The operating system 66 comprises a set of computer programs that control the internal functions of the set-top terminal and support the execution of other program modules, including application programs 68. The preferredoperating system 66 supports a graphics-based presentation of program-related information, including control items that visually represent control functions of the operating system and other program modules. A control item is any visual image that can be manipulated by theuser to perform an operation. The operating system 66 can receive and interpret input data supplied by the input device 54, as received by the remote control receiver 60. As will be described in more detail below withrespect to FIG. 3, a user can "select" and "launch" control items by the use of the input device 54 in a manner similar to the computer arts.

For the preferred set-top terminal 48, the memory includes a ROM containingat least a portion of program module representing "boot code" 72 for initializing the operations of the set-top terminal 48. Upon power-up of the set-top terminal 48, the boot code 72 initiates a request for the headend system 12 to download certain program modules, including the operating system 66 and one or more application programs 68. The program modules can be stored within the memory 64 of the set-top terminal 48. This downloading process allows the headend system 12 to easily update theprogram modules used in set-top terminals 48 throughout the interactive network 10. For example, the application programs 68 may be maintained within the set-top terminal 48 only during actual use of the features of these programs; otherwise, these application programs are maintained at the headend system 12. Thus, it will be appreciated that the preferred set-top terminal 48 relies heavily upon data storage mechanisms located atthe headend system 12 rather than within the set-top terminal 48 itself.

The set-top terminal 48 can be connected to a peripheral device via input/output (I/O) ports 74. The I/O ports 74 support the connection of the system bus 70 to a connected peripheral device. For example, the output device 50 can be connected to the I/O ports 74 via a conductor 52. Likewise, an input device 54, such as a game control 90, can be connected to the I/O ports 74. In contrast to the remote control 80, which communicates with the remote control receiver 60 via a wireless communications link, other types of input devices 54 are typically connected to the I/O ports 74 via a cable. Nevertheless, those skilled in the art will appreciate that input devices 54 can communicate with the set-top terminal 48 by use of either wireless or wired communications links.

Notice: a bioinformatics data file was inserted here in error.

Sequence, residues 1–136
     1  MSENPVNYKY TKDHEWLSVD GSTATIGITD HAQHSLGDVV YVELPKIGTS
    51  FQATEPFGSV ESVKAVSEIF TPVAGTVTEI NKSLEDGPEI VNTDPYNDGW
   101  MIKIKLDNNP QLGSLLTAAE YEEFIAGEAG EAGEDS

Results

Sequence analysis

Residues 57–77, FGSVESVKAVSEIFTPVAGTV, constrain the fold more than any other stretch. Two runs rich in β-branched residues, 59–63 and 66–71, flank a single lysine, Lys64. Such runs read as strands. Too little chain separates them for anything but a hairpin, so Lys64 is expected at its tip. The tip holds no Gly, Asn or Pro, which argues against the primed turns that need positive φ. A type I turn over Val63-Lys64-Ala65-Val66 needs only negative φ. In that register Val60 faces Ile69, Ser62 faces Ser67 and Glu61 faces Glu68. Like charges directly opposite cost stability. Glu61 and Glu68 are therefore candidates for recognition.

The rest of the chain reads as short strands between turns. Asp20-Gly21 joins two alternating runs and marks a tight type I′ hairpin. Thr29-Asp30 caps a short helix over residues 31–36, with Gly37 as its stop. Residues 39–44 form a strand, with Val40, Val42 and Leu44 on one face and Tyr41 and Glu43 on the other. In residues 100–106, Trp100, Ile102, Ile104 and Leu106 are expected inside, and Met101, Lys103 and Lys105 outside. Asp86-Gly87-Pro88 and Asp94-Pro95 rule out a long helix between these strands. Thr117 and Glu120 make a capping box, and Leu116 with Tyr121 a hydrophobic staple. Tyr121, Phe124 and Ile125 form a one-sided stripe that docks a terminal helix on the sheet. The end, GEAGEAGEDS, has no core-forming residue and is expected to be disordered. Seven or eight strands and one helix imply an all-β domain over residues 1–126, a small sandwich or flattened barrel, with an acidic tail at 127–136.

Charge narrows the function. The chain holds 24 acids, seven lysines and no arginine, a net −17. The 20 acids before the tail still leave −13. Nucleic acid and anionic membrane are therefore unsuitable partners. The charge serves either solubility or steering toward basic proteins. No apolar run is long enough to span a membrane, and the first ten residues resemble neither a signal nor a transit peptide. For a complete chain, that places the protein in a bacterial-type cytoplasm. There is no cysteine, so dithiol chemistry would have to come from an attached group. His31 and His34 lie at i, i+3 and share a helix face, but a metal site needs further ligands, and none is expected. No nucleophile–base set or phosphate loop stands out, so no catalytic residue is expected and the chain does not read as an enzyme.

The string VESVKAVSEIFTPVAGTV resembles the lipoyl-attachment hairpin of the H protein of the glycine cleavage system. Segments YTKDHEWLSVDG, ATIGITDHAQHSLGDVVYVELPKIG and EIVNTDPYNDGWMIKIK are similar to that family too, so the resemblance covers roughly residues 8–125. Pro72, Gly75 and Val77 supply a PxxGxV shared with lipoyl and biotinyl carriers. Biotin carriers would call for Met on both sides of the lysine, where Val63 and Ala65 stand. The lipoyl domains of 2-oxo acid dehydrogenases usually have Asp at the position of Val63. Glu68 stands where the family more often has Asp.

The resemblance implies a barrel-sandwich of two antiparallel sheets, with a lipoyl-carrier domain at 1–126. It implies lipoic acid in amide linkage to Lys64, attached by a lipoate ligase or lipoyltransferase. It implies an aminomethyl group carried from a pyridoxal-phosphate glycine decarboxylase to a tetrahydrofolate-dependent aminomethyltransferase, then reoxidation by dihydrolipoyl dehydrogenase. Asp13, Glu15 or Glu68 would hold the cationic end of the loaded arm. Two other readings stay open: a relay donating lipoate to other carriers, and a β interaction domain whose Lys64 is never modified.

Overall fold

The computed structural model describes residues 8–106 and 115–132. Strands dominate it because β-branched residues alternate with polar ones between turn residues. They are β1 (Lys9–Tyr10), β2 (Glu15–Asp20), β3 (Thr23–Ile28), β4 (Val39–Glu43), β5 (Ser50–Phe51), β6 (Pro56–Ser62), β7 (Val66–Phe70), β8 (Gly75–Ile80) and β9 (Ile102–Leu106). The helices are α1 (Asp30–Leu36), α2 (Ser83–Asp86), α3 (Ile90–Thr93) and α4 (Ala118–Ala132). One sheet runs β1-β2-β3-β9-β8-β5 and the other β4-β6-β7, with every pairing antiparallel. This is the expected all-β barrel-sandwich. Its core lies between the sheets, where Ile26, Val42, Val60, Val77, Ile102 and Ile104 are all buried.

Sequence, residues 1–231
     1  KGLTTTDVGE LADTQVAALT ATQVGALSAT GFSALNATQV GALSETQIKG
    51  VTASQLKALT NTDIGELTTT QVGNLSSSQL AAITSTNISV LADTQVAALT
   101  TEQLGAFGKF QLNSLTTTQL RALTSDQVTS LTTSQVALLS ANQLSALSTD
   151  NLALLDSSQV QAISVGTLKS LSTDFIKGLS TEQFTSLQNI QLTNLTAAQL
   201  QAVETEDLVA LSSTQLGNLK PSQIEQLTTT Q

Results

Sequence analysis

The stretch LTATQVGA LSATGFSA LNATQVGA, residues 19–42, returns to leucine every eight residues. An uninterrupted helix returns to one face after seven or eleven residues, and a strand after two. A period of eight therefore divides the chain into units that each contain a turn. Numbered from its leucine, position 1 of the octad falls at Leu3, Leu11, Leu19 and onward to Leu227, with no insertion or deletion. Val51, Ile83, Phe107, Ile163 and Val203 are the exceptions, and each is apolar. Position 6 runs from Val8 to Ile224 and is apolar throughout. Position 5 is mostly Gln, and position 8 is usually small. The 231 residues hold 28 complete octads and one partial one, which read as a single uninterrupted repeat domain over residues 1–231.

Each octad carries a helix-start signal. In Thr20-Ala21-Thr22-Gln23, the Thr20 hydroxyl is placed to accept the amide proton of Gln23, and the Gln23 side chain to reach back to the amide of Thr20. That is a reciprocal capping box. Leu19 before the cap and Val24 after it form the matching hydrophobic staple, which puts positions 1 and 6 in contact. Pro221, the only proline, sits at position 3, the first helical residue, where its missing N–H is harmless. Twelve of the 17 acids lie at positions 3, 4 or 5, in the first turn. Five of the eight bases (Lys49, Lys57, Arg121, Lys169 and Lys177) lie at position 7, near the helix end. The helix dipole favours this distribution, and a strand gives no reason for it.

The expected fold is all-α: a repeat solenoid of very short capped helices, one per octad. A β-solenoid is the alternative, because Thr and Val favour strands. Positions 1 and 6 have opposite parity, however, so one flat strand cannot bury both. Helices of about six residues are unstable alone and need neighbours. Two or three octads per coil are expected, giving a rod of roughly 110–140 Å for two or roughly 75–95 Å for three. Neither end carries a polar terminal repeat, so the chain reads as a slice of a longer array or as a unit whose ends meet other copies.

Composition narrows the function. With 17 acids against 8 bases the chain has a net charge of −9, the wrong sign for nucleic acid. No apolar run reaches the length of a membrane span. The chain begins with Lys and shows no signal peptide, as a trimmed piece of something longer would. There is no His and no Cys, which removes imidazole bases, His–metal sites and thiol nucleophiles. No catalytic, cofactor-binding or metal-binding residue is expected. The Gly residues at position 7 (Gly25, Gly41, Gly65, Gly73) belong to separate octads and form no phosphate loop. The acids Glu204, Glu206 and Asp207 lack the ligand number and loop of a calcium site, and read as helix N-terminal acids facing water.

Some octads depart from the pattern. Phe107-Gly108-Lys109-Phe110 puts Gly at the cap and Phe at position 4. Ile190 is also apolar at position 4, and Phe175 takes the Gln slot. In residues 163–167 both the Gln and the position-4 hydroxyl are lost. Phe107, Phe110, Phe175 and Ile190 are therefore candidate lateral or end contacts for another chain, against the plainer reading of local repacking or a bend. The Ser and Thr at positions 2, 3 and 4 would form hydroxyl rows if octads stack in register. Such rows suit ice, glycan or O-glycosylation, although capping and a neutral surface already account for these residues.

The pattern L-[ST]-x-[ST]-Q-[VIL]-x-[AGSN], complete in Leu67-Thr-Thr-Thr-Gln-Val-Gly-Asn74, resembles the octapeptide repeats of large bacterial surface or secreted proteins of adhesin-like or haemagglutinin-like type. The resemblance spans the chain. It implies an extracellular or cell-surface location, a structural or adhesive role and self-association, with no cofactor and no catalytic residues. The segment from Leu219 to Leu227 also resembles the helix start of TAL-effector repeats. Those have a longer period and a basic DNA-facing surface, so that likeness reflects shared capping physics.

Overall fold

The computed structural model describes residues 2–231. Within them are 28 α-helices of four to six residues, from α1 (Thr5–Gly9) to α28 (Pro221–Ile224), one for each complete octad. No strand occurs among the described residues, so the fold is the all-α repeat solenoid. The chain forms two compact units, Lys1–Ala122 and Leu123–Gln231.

Generally, when a user first powers-up a set-top terminal 48, the set-top terminal 48 contacts the headend system 12 and requests the downloading ofcertain program modules, including the operating system 66. In response to loading these program modules, the set-top terminal 48 enters a stand-by mode to limit power consumption and awaits a command signal initiated by auser pressing a key or button on an input device 54, such as a remote control 80. In this stand-by mode, the set-top terminal can communicate with the headend system and can respond to administrative requests transmitted by the headend system 12. In the event that a user tunes to aninteractive channel (typically by pressing the appropriate function key of the remote control), the set-top terminal 48 changes modes and enters the active mode. In the active mode, the set-top terminal 48 communicates withthe headend system 12 to process the instructions transmitted by the remotecontrol. For example, the set-top terminal 48 responds to a command requesting programming information by forwarding this instruction to the headend system 12 via the drop cable 46 and the distribution network 16. The headend system 12 responds by retrieving selected programming information from the CMS system 22 and transmitting the selected programming information via the return path provided by the distribution network 16 and the drop cable 46. The set-top terminal then supplies this programming information in the proper format for presentation by the display.

In accordance with the present invention, the output device 50, in connection with an interactive network system 10, displays information on a display of the output device 50, preferably a television display screen,as shown in FIGS. 4-10. The various subscriber services may provide information to the user via the display screen in the form of a list of choices from which the user may choose various programs or movies to view.An example of such a service is Video on Demand (VOD) or Movies on Demand (MOD), in which the user manipulates the remote control to signal the set-top terminal to display a screen containing a list of items in a display object in addition to other display objects associated with the service. The user then may manipulate the remote control to signal the set-top terminal to select a desired movie for viewing on the display screen.

The present invention involves the display of items in a list. It should beunderstood that the present invention is not limited to the display of movies for Video on Demand or Movies on Demand subscriber services, but isapplicable to any subscriber service in which a list of items is displayed on the display screen for manipulation by the user of the interactive system. Those skilled in the art will understand that the list may includeitems displayed as text, graphics, video, or any other suitable display capable of distinguishing an item to the user.